‘Patsy Cline’ back by popular demandPublished 9:15am Wednesday, March 23, 2011
She was the first woman ever elected to the Country Music Hall of Fame. And when the Country Music Television Network ran a four-hour special on “The 40 Greatest Women in Country Music,” she was selected No. 1 as the single greatest contributor to the profession.OBanion
How appropriate then that this weekend at the Margaret Martin Performing Arts Center, the clock will be turned back to 1957 to present Miss-Lou residents to a repeat performance of the hit musical “Always…Patsy Cline.”
You’ll be whisked back to Nashville’s Ryman Auditorium and WSM’s Grand Ole Opry, where you’ll see “Patsy” make her Opry debut on that famous stage. You’ll have a chance to sit back and enjoy her greatest hits, including “Crazy,” “I Fall To Pieces,” “Walking After Midnight” and 23 more.
The show is based on the true story of Patsy Cline’s friendship with Houston housewife Louise Seger. Louise, portrayed by Diana Glaze — who also directs the production — is the narrator. She first hears Patsy sing on the Arthur Godfrey Show in 1957, and it’s love at first sound.
Louise becomes an ardent fan and every morning pesters a local radio station disc jockey into playing a Patsy Cline tune. When she learns Patsy is going to perform at a Houston honky-tonk, she arranges to be there hours before the show. And, in short order, Louise progresses from fan to agent to good friend and confidant.
Although Louise never sees Patsy again, they stay in touch by mail until the singer’s untimely and tragic death at age 30 in 1963.
Patsy is portrayed by Miss-Lou resident Mary Nell Rushing. A talented vocalist and huge Patsy Cline fan, it is a role she cherishes, and you’ll hear why when she hits that first note.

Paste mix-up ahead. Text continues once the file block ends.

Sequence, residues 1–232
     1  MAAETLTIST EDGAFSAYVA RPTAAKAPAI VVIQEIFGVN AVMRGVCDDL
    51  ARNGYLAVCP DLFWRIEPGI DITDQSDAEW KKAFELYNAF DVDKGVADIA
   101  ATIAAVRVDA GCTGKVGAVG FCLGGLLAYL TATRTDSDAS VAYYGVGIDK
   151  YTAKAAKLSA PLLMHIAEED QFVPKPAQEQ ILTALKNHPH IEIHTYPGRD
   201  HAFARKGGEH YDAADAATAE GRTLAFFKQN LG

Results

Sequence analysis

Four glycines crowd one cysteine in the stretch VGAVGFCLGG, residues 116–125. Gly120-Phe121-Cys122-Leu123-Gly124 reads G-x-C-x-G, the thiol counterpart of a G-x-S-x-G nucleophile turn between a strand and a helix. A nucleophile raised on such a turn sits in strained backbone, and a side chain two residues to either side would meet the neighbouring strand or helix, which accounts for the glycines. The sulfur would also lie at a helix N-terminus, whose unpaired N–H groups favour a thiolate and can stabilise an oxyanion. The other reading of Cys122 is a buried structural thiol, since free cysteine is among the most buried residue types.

Close your eyes, and you’ll think the real Patsy is on stage. Patsy’s famous band, “The Bodacious Bobcats,” is recreated as well. Miss-Lou residents will find themselves tapping their toes to the music produced by one of the finest country-western swing bands ever assembled in this area.
First, there’s the barrel-roll honky-tonk piano playing of Musical Director Sylvia Johns Ritchie, the violin virtuosity of fiddlers Mickey Davis and Dave Troutman and the mournful wailing sounds of Ken Cranford on pedal steel guitar.
These four are backed by a solid rhythm section, which includes Louie DeVries on bass, Casey Gilbert on guitar, and yours truly on drums.
Every Miss-Lou performance of this show in the past has been a sellout, so country-western fans had better round up tickets fast for this popular event, which truly transcends labels and genres.
Make plans to attend at 7 p.m. Friday or 2 p.m. Sunday at the Margaret Martin Performing Art Center on Homochitto Street. The show is sponsored by the Natchez Festival of Music Guild, and tickets can be purchased by calling Mary Robertson at 601-445-2210; online at www.natchezpilgrimage.com or from the Natchez Visitor Reception Center at 640 South Canal St.
Terry Trovato is the drummer for “Always…Patsy Cline.”